Ntani, Georgia
(2017)
Statistical approaches to the analysis of hierarchical data using simulations and real data from a study of musculoskeletal symptoms.
*University of Southampton, Doctoral Thesis*, 281pp.

## Abstract

Clustering of observations is a common phenomenon in epidemiological research. A first objective of this thesis was to explore the situations in which failure to account for clustering in statistical analysis could lead to erroneous conclusions. Using simulated data, I showed that effects estimated from a naïve regression model that ignored clustering were on average unbiased when the outcome was continuous, but were biased towards the null when the outcome was binary. The precision of effect estimates was overestimated when the outcome was binary, and also when both the outcome and explanatory variable were continuous. However, in linear regression with a binary explanatory variable, the precision of effects was somewhat underestimated by the naïve model. The magnitude of bias, both in point estimates and their precision, increased with greater clustering of the outcome variable, and was influenced also by clustering in the explanatory variable.

A second aim was to compare analytical approaches to clustering when synthesising results from multiple studies. Using real data from a large multicentre study, I showed that odds ratios (ORs) estimated from meta-analysis of summary results from component sub-studies were generally similar to those from multi-level modelling of pooled individual data. However, the precision of point estimates from meta-analysis was lower than that from multi level analysis. Discrepancies between the two methods (including differences in ORs up to 27% and in precision up to 46%) were demonstrated when the outcome of interest was rare.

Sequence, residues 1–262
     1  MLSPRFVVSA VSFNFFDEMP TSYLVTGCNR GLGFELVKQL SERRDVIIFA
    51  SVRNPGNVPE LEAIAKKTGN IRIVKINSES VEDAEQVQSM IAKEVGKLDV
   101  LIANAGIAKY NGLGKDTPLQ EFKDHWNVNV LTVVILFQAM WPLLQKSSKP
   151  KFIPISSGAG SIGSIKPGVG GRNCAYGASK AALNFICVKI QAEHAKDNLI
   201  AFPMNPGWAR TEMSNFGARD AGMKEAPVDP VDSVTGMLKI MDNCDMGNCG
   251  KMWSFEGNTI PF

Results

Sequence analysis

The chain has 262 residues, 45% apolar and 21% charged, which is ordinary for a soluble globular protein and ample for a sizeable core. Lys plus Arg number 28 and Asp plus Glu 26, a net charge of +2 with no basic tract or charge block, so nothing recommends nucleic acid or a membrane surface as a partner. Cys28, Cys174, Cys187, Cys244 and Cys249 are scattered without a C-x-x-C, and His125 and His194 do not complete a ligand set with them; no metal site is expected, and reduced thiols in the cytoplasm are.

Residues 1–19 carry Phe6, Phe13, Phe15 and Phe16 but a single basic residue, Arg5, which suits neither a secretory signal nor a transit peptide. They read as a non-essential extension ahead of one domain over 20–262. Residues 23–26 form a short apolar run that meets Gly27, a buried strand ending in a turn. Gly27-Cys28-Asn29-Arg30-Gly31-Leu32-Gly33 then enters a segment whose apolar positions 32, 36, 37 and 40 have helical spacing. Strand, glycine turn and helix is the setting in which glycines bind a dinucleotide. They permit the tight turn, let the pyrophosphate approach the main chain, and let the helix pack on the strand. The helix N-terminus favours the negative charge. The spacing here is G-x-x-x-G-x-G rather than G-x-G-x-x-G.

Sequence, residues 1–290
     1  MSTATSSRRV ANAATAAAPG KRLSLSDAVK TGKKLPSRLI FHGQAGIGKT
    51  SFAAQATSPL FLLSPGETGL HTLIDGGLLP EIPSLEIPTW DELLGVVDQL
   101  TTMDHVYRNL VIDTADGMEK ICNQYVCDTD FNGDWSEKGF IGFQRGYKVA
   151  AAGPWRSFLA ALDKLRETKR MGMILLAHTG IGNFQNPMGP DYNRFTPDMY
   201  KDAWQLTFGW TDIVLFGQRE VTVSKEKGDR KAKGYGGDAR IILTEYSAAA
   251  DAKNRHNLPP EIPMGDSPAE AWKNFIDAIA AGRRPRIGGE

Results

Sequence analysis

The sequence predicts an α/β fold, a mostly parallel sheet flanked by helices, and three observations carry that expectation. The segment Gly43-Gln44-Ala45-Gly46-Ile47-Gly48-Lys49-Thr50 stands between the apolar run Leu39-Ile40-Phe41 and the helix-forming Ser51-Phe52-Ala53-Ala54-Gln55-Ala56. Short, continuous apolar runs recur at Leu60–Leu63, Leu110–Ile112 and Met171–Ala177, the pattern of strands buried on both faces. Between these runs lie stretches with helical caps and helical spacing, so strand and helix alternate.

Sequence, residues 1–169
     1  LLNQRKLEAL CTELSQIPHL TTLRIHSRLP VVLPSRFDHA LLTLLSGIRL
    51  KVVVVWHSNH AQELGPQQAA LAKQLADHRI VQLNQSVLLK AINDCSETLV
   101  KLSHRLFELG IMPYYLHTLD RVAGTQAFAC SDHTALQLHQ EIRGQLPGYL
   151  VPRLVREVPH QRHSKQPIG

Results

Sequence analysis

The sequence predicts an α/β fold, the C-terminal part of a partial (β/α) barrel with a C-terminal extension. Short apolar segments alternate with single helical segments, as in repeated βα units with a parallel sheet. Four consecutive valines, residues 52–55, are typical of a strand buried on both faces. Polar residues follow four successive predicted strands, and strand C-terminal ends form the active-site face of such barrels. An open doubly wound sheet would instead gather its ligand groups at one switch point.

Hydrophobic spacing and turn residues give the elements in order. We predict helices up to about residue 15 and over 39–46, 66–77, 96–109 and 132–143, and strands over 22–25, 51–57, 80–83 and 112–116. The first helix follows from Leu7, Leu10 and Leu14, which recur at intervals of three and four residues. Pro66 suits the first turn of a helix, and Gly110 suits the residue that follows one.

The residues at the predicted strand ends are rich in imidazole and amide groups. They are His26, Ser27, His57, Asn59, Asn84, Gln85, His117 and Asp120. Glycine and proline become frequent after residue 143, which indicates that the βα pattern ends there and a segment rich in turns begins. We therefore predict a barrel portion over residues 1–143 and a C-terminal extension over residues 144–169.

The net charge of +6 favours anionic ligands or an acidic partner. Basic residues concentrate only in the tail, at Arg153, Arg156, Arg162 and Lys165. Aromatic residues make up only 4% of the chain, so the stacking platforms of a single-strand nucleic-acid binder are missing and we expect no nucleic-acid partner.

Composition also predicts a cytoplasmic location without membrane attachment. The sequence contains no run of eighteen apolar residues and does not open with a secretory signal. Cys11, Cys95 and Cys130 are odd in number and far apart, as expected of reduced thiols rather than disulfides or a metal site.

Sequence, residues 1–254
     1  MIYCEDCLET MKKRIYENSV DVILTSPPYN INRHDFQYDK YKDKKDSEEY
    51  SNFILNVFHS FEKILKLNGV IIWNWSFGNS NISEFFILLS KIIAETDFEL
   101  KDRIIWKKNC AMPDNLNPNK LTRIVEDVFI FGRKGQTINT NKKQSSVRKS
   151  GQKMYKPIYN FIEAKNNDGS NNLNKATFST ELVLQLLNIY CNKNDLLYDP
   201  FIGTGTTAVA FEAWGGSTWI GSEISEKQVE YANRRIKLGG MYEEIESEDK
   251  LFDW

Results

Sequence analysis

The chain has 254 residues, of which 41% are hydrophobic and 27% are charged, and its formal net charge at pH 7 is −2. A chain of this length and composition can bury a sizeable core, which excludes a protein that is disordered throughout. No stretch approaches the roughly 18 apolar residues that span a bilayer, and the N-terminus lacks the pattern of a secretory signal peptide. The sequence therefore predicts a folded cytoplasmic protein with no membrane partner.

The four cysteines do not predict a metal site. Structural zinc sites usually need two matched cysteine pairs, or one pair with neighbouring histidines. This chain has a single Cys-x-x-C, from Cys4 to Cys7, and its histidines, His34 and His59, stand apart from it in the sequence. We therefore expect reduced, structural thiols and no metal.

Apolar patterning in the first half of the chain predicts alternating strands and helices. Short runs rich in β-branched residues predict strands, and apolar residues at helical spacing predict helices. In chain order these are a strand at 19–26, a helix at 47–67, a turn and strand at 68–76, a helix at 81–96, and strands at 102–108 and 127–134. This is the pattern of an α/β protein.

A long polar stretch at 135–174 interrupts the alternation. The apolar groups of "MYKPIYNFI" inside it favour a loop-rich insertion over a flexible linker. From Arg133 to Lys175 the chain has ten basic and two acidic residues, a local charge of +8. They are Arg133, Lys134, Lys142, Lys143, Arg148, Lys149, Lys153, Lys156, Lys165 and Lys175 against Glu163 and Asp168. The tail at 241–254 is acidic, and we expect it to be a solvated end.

A third aim was to compare different methods for estimation of relative risks (RRs) when data are clustered. The random-intercept complementary log-log model produced estimates of effect and precision similar to those from the random-intercept log-binomial model (considered to be the best approach, but not always practical). Other models gave effect estimates close to those from the log-binomial model, but with less comparable precision. Contrary to the situation when RRs are being estimated in a set of independent (i.e. unclustered) observations, the random-intercept Poisson model with robust variance produced less precise point estimates than those from the random intercept log-binomial model. Priorities for future work include exploration of: the consequences of ignoring clustering in the presence of effect modification and when marginal methods of analysis are used; situations in which meta analytical estimates differ from those derived by pooled analysis; and specific situations in which the random-intercept Poisson model with robust variance is less likely to produce results similar to those from the random-intercept log binomial model.

**Thesis Georgia Ntani - Version of Record**

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